Font to Table: What is Lent?
Dr. Seuss once humorously remarked, “They say I’m old fashioned, and live in the past, but sometimes I think progress progresses too fast!” One of the blessings of the church calendar is that it interrupts our “progress” with slow, annual rhythms that serve followers of Jesus by focusing our attention upon what matters most: Christ’s birth, death, and resurrection. Such is the case with the season of Lent.
The term “Lent” derives from the Anglo-Saxon word “lencten,” a synonym for the season of spring—a time when the days lengthen. As nature begins to awaken from the death of winter, so Christians celebrate the renewal of life in Christ who has defeated the enemies of sin and death.
Lent begins on Ash Wednesday and ends on Holy Saturday (the day before Easter). The forty fast days of Lent, known as the Quadragesima, do not include Sundays, so the six Sundays within the season are not of Lent but in Lent. Lent is observed by many Christian traditions including Catholic, Anglican, Lutheran, and others.
Lent is considered a preparatory season for Easter and serves liturgically as a journey with Jesus to Jerusalem. The Gospel reading traditionally used on the last Sunday before Lent sets the tone for the season:
And taking the twelve, he said to them, “See, we are going up to Jerusalem, and everything that is written about the Son of Man by the prophets will be accomplished. For he will be delivered over to the Gentiles and will be mocked and shamefully treated and spit upon. And after flogging him, they will kill him, and on the third day he will rise.” (Luke 18:32—33).
In the early church, Lent was a period of preparing new converts called “catechumens” for the Sacrament of Baptism on Easter Vigil. This period included fasting, instruction, prayer, and other spiritual disciplines. By the medieval period, however, Lenten observances began to take on more austere penitential practices and works-righteousness prevalent for that era, and much of the joyful expectation of Easter was lost. The post-Reformation observance of Lent, as Luther Reed notes, is both commemorative and penitential: “It regards the season as a time of special spiritual opportunity to contemplate the Passion of Christ as an incentive for self-examination, repentance, and growth in faith and grace.” (Lutheran Liturgy, 491).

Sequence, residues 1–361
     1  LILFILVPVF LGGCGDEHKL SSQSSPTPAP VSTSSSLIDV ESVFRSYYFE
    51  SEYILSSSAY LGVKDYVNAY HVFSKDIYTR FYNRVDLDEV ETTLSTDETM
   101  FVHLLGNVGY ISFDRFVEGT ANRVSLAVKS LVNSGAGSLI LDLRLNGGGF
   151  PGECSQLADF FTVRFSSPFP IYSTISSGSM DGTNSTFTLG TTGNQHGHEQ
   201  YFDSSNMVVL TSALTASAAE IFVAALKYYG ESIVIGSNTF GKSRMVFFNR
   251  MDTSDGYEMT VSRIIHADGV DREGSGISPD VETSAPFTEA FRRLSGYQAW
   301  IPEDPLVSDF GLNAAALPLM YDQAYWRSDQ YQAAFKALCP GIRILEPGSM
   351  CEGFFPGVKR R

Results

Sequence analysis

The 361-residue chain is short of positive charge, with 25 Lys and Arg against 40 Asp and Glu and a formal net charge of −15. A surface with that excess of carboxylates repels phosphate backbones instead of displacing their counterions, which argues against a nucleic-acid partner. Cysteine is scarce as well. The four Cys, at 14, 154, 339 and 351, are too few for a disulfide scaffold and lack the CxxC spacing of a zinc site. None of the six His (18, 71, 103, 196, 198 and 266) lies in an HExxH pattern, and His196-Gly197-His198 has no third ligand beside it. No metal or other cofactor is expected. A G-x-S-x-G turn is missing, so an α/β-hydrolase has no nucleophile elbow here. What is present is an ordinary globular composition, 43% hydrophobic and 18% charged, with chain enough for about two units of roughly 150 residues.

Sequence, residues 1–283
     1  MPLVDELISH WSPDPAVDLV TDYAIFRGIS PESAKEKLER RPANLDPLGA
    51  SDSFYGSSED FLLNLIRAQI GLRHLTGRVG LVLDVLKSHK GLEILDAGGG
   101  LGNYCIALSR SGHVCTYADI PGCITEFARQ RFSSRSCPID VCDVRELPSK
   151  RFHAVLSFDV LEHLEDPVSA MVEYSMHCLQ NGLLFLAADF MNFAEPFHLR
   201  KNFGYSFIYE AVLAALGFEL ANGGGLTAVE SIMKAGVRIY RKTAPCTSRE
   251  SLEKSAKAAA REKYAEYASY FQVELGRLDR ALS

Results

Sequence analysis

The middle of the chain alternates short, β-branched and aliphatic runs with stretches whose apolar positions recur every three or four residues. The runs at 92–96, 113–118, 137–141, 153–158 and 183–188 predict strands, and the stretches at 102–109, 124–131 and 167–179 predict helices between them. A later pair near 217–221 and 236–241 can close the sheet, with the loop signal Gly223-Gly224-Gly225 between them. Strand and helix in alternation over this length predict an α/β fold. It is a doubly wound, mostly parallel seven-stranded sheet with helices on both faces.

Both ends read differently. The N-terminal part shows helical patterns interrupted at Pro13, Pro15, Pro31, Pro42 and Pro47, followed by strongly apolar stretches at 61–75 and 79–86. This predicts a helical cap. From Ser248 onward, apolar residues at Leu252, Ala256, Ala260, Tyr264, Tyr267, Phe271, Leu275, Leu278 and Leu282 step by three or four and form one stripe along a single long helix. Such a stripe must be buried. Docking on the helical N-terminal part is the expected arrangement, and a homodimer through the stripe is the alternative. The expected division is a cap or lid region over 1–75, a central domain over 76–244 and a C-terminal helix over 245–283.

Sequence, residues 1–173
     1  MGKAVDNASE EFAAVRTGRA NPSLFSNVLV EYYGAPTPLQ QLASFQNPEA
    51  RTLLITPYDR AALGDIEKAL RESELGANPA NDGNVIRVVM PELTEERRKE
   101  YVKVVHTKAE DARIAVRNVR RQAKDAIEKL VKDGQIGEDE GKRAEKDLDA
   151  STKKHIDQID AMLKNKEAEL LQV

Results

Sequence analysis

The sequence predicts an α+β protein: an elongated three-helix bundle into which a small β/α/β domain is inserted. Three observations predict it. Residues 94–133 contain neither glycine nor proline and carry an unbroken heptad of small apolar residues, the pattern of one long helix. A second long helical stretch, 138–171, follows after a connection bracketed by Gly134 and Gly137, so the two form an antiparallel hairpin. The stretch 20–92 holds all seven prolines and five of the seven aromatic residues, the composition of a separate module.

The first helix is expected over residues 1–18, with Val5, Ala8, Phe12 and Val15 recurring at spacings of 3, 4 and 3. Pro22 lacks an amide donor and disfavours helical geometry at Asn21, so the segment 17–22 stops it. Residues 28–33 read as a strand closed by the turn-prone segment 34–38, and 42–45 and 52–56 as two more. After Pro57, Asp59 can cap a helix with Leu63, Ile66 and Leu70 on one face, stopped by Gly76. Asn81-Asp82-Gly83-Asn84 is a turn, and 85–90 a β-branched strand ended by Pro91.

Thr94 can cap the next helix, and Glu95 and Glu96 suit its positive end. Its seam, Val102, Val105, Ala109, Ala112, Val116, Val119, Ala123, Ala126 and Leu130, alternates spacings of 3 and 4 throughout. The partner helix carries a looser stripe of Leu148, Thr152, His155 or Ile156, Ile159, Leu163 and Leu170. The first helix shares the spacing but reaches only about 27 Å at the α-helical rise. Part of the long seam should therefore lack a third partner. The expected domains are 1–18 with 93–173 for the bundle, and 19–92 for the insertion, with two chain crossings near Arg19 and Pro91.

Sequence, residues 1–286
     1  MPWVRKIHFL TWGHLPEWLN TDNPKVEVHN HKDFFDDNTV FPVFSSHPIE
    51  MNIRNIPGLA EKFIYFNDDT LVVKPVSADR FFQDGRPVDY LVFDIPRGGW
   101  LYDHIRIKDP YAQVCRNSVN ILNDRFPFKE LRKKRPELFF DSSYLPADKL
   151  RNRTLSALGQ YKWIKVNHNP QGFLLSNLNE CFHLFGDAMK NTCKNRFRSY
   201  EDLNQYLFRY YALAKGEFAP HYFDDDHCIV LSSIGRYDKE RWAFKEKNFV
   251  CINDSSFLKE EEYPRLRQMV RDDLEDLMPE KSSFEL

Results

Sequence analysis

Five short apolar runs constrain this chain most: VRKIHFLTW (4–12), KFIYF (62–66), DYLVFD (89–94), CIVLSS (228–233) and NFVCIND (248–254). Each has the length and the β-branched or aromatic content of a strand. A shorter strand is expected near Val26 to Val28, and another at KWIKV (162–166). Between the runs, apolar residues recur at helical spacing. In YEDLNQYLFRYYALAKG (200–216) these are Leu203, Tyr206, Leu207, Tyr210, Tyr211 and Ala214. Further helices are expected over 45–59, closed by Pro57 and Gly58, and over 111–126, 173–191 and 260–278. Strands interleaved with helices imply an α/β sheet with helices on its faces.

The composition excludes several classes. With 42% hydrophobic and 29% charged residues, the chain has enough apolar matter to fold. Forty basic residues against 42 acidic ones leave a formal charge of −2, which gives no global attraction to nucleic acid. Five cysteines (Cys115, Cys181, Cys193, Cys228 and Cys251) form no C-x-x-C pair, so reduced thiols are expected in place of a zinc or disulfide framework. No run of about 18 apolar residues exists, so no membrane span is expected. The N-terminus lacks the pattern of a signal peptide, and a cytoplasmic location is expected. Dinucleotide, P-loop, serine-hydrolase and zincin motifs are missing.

I have found that contemporary observances of Lent tend to more carefully balance the penitential themes with the baptismal, always keeping an eye toward Easter Sunday, so that we do not fall prey to an inward, self-focused spirituality that robs us of the joy of what God in Christ Jesus has accomplished for us in His saving work. While it is a restrained liturgical season, omitting the Gloria in Excelsis and Alleluias, it provides believers with an opportunity to increase their devotion to God personally and corporately.
Typical spiritual disciplines that I have found beneficial to the observance of Lent include the following:
On Ash Wednesday, many Christians follow the tradition of having their foreheads marked with ashes in the sign of the cross to remind them of the wages of sin, which is death. The ashes symbolize repentance as the prophet Joel calls us to “return to the Lord your God, for he is gracious and merciful, slow to anger and abounding in steadfast love” (Joel 2:13).
Many churches conduct mid-week Lenten services where pastors will preach on a particular theme or topic relevant to the season. Attending these services provide times of increased devotion and opportunities for spiritual growth.
Some Christians choose some form of fasting. This could take the traditional form of not eating during daylight hours or giving up some habit or behavior during Lent as an exercise in prayerful self-denial. While self-denial and fasting can be useful, be mindful that such exercises should not be done in order to merit the approval of God, but draw your attention upon what Christ Jesus gave up for you on the cross.
Many Christians not only deny themselves something during the season but add some beneficial discipline to fill the gap, such as Scripture reading, prayer, volunteer service, or reading through a Lenten devotional with their families. Chad Bird’s Lenten devotional, In the Shadow of the Cross, is a great resource for this time. My congregation is using it this year around their dinner tables during the season.
Whatever you, or your church, may choose to do this Lententide, let the gradual for Lent—that short verse read or chanted between the Old Testament and Epistle readings on Sunday—mark the emphasis and piety of the season: “O Come, let us fix our eyes on Jesus, the author and perfector of our faith.”